Awash in Red

Book!

Over the past year Christina and I have been working very hard on the creation of a coffee-table book with Skyhorse Publishing. This week the fruits of those labors have finally begun to arrive back from the printer, and are being prepped for sale. Titled "Antiquity Echoes" (the same as our website), the book contains a collection of stories about abandoned locations that run the gambit from overgrown asylums to decaying malls. You will not find ghost stories within, what we provide instead is an insightful celebration of the ephemeral beauty which can only be found in places left forgotten. Furthermore, we really wanted to do something different with the opportunity Skyhorse had given us, so we went about integrating original videos into the book. At the end of most chapters you will find a QR code, when scanned with your smartphone or tablet, it will play a short cinematic film of the location which you just read about. Music for these videos was supplied by Worrytrain, an artist who we have long been fans of. The haunting soundtrack they provided was far more than we ever hoped for, and gives the entire book an air of dark mystery. We are beyond proud of what the end result is, and we hope everyone enjoys what we were able to create. The book will be on sale in book stores nationally beginning September 15th, however pre-orders are currently available on Amazon.

You can click the image to visit the page on Amazon.

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*Double-posted in the AbandonedPlaces community*



Painted upon the cold tile walls of a subterranean morgue, located in the dark recesses which form the under-structure of an abandoned asylum, can be found a Latin proverb just barely legible on the decaying wall adjacent to the autopsy table. “Let conversation cease. Let laughter flee. This is the place where death delights to help the living.“ Across the property a lavender curtain billows as wind enters in over jagged edges of shattered glass which once comprised a large bay window. Overlooking a landing no one uses. Above an empty lobby. Abutted by hallways echoing the sounds of nothing.

It's mostly all gone now, plowed under by a crew of workers as part of a plan to clean up the immediate area surrounding the still-functioning sections of the Pilgrim Hospital Center. When such places are done away with, especially when care is not properly taken, we often run a real risk of losing our history along with the debris. Like it was with the Hotel Sterling - This place stood but for a relatively brief moment in a state of abandonment, before the plows eventually came to remove it from existence. Unfortunately it is in these short windows of disuse that we find history often becomes most tangible, evoking emotions and interest in those who gaze upon its forgotten form.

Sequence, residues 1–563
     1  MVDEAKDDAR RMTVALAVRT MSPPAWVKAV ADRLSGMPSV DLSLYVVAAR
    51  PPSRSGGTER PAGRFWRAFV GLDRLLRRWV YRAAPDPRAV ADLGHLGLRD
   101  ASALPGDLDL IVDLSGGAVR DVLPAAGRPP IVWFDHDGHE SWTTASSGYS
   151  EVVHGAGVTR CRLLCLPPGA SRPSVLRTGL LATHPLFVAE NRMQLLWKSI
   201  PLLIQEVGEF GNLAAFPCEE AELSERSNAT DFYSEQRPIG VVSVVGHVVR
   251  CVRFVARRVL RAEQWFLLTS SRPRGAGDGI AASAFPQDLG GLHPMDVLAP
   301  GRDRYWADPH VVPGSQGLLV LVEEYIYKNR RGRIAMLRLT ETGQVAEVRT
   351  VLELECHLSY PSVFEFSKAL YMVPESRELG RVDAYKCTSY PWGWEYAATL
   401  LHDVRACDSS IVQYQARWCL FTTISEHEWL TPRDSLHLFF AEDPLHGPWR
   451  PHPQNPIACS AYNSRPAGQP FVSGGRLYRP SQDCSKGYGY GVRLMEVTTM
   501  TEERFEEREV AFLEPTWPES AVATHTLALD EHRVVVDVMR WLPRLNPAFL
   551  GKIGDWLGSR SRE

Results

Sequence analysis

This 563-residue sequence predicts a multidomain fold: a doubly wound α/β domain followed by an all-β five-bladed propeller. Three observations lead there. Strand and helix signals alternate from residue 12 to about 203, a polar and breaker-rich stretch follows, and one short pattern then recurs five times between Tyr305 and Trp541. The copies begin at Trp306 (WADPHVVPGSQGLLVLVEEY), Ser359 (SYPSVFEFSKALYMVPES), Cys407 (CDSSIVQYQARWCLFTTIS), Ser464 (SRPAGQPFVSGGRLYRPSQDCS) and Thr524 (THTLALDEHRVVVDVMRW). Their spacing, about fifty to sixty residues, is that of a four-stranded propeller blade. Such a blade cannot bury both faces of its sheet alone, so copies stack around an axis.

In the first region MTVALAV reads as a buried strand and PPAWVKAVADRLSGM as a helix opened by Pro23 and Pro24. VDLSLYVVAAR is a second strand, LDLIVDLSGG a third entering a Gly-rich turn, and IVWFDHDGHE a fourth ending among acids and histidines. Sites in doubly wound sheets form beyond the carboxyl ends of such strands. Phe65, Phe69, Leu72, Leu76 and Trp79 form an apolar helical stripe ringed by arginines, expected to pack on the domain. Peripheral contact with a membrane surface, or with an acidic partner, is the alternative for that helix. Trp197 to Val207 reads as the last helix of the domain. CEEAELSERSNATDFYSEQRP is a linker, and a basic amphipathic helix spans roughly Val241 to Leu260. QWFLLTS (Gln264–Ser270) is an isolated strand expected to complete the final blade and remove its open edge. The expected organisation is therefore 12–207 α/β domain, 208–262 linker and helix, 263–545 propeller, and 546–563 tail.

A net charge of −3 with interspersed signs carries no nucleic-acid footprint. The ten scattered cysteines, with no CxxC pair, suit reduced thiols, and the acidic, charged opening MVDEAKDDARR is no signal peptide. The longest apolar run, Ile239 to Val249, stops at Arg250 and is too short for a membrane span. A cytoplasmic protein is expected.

This was what remained of the vacated portions of Pilgrim State Hospital in Long Island, NY. What was at one time the largest psychiatric hospital on the globe, with a peak patient population of almost 14,000, came to be little more than a broken collection of buildings dotting the grounds of what is still a partially-operational facility. Undone by modern medicine, and overrun by nature, these massive brick corpses serve as eerie reminders to medicine's darker times. Like so many of the patients who traversed their now empty corridors, these buildings were given numbers to serve as their names. Of all the numbers on these grounds, none holds a history so dark, or so tragic, as the looming edifice named “23”. It was here, on the uppermost floor, in an operating room overlooking the whole of the campus, that prefrontal lobotomies were preformed. Altering the lives of over 1,500 patients from the 1940's through the 1950's.

The operating room had been stripped by scrappers long ago, and weathered by the many years it has sat without use. Its barren and blackened walls enclosed an operating room floor which had come to be flooded with rainwater. Fogged windows cast a mirror image across the wet surface of the floor, the reflection periodically disturbed by small ripples as water dripped off ceiling beams. It's a depressing place, and through the unrelenting forces of time it has finally come to reflect so physically.

The construction of Pilgrim began in 1929, due primarily to severe overcrowding in city asylums. It's design was one of a “farm colony”, an institution based around the ideals of living and working in the open space of what was then rural Long Island. As the title implies; patients were to farm crops and work the land as part of their treatment. Opening October 1, 1931 on some 1,000 acres, Pilgrim housed it's own power plant, post office, police station, fire department, cemetery, water source, and a neighborhood of housing for the doctors and administrative personnel. Most all of which were connected under the sprawl via an intricate system of tunnels and passageways.